Raytheon: The Raysistor, an Optoelectronic Device in 1964
The Raysistor is a four terminal optoelectronic device which performs a variety of control functions, providing noise-free control of AC or DC signals over a wide dynamic range without transients or contact (or wiper) chatter. Since there are no moving parts, Raysistors are exceptionally rugged and have inherently long life in typical applications as variable resistors, solid state switches, relays and voltage or signal isolators. Operation of the Raysistor is on the principle of controlled light acting on a photo resistive element. No electrical or mechanical connections exists between the control and circuits. Chris V. from the US sent me a nice photo of a Selmer Varitone, saxophone amplifier were this element was used as a control element for modulating gain.
The Raysistor is made in different types/models with several case packages. Like the shape of a transistor (TO-5), CK1115 or Tube version, CK1103 or Block version, CK1103P. But the most interesting items are the CK1121-1124 series in the metal case version . This case style looks like a big TO-22, used in the earlier 2N35 from Sylvania etc. (end fifties). The datasheet is from 1964 so I suggest that most of these devices where produced around that period. Because of the unusual pinning of the case style, Raytheon supplied their Raysistors with their own sockets, see photo. Raytheon call their Raysistors Peak Limiter, because they were used in this kind of electronic circuits.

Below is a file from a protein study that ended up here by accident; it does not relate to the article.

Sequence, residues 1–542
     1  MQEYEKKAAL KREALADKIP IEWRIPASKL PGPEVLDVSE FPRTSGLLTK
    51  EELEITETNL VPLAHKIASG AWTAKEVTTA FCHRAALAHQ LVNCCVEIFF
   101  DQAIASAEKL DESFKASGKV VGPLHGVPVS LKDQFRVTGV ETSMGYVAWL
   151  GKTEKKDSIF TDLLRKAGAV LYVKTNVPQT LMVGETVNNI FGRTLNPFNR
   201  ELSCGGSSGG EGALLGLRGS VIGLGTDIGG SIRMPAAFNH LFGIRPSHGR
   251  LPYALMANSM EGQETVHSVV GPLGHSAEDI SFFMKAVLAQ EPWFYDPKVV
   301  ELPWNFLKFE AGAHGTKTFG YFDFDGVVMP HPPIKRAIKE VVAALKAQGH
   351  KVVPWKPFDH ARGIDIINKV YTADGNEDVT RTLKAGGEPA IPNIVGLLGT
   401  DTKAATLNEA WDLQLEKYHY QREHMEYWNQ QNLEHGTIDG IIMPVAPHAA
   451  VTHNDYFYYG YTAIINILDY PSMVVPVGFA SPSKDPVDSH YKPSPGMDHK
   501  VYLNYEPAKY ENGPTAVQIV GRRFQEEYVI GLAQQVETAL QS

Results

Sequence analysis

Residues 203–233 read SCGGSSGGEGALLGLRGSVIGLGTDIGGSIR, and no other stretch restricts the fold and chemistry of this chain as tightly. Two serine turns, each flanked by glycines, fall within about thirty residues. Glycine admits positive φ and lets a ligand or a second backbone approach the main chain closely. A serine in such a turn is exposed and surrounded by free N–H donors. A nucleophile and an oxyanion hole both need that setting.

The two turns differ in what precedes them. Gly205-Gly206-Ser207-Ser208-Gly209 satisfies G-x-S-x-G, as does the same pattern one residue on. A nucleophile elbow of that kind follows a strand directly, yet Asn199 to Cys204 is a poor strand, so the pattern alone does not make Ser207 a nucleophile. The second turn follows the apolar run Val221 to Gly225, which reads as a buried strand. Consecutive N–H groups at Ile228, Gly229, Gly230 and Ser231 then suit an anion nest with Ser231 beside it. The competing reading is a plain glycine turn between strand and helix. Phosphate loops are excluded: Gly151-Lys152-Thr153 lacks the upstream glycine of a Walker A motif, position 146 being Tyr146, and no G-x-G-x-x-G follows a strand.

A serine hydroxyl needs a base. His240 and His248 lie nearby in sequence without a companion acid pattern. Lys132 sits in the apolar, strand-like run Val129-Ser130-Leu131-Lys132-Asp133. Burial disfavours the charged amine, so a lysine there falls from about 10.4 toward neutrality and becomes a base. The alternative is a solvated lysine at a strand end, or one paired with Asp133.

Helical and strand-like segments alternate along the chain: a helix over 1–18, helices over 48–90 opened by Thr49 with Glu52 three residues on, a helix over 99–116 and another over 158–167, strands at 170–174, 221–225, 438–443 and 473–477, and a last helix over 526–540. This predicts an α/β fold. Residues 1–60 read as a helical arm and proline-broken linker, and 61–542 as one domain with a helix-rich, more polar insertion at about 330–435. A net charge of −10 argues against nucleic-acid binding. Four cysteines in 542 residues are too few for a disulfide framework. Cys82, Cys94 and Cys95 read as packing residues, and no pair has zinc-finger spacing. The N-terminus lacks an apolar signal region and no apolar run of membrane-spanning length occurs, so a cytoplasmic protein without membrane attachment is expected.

I would like to thank Frank Philipse from Holland to with his great contribution of the datasheet information regarding these Raysistors. See his website for more info, especially with Tubes: http://www.tubedata.info/
Search on the internet..
If you search on the internet for more information you will find several of these "Peak Limiters". Some of them are in black metal cases like the CK2026 and CK2028S, blank metal devices I've fond where the CK2025 and the CK2052. This particular device is not yet described in Wikipedia, all what could be found is the Photo resistor. This is a two pins device made of Cadmium Sulfide (CdS) and decreases with increasing incident light intensity. Maybe the Raysistor is protected by his patent, US3806802. A part of this patent has the following description: A Raysistor optical coupling control device connects an output from the detection system to a circuit driven by a signal based upon the primary signal. More Raystistors like the CK2026S, CK2028S and CK2052 on the directory Raytheon --> Raysistors. I'm always interested in more information, please let me knows if you have some..
Technical spec's of the Raytheon Raysistor CK1122
Voltage=0-10V; Nominal current range=0-37mA; Resistance (on)=650-1000Ohms; Resistance (off)=10E9-5x10E7; Voltage(max)=200V; Power(max)=100mW; Typical switching time=30ms(on) 225ms(off);
|Download the Raytheon Raysistor-series commercial specification from 1964|
|Raytheon Datasheet of the Raysistor series|
|Raytheon Datasheet of the ck1122|